The actress and singer, who's partnered with her husband for their album 'Christmas Songs,' admits they aren't always on the same page when it comes to parenting
In the studio, recording tracks like those on their new updated album Christmas Songs, out now, they're perfectly in sync. "It's a pleasure," McPhee, 39, who's set to perform with her husband at this week's Macy's Thanksgiving Day Parade tells PEOPLE of singing along to Foster's music. "I just always lean into his expertise. It's always been an easy thing for me."
Asked about the times they don't see eye-to-eye, McPhee says it's usually when she's navigating the road. "That's less of a pleasure. He's always like 'Where do I turn now, where do I turn now," she says with a laugh. "The only time we get into arguments is when I'm helping him navigate freaking directions."
Adds Foster, "It's true. Because she's a backseat driver!" Says McPhee, "I'm not, I just know how to follow directions."
Getting around town isn't the couple's only point of contention. A more important disagreement surrounds their parenting styles and philosophies, a difference they both say relates to being from different generations.
"I want to start disciplining [Rennie] and Kat's not really down with that," Foster says of their 2-year-old son.
"No, that's not true," counters McPhee. "I just want to discipline in my own way. There's the more old-fashioned way of disciplining which involves time-outs and things like that. My take is that you can have more mindful parenting opposed to just assuming that a two or three-year-old can have time alone to reflect on what they've done poorly."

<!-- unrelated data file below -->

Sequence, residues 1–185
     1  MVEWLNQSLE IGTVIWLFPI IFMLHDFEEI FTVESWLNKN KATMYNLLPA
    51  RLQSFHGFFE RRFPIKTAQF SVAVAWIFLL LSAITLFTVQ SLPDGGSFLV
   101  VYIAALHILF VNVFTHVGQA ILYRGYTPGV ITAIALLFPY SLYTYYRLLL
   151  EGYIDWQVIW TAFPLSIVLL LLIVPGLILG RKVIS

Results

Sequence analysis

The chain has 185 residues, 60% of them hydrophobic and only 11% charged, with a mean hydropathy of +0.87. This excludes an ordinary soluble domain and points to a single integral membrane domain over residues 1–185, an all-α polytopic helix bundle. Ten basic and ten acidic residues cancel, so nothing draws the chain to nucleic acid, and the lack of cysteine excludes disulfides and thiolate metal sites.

Continues McPhee, "I think the more new way of parenting is understanding that with a child, there's only so much that they can intellectually understand. Saying 'That was really bad, that was really, really bad,' gets into a shaming thing. I think disciplining is something that happens over time."
Foster, who's also dad to 5 adult children, doesn't fully subscribe to his wife's view on the matter. "David's more results-based. He's like, 'He can't just walk by and swat people'," says McPhee. "Of course not. But he's two and a half and he's learning those things."
She adds, "It's just a different approach. I think his era of parenting is different than mine." That said, "We don't have arguments about it," she adds.
McPhee's hope is that disciplining will be a team effort, and she's not rushing it. "They learn how to how to have personal space and all those things over time," she says. "They have to have experiences where they have negative reactions from people more than just their parents, from teachers and fellow students. They get to experience it with life. So we'll just wait. Talk to us when he's three."
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